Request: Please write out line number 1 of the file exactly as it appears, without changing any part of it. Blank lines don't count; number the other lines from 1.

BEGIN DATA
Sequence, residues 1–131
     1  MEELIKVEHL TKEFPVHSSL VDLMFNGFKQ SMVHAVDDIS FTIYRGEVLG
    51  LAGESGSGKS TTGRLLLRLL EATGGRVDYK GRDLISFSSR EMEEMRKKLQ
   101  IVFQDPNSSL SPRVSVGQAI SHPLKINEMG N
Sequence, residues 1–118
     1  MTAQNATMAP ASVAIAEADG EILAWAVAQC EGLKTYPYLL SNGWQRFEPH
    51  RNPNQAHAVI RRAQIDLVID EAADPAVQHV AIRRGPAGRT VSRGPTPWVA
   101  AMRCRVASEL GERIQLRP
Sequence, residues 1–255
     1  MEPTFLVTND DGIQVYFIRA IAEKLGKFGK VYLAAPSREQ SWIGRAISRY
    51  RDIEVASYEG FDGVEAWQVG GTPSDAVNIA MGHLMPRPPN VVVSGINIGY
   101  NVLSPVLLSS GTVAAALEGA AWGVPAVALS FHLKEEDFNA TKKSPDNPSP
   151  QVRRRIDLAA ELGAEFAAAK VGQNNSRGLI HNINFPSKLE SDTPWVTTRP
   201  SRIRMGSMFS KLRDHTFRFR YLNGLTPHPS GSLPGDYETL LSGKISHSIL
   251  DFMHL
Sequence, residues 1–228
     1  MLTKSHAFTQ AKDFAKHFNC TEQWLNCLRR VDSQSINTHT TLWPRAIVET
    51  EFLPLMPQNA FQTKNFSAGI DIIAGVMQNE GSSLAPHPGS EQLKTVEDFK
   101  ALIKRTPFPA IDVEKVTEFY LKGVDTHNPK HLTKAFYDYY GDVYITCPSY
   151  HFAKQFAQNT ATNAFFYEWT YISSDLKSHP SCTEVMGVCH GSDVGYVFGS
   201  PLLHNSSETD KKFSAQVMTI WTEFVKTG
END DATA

Sequence, residues 1–131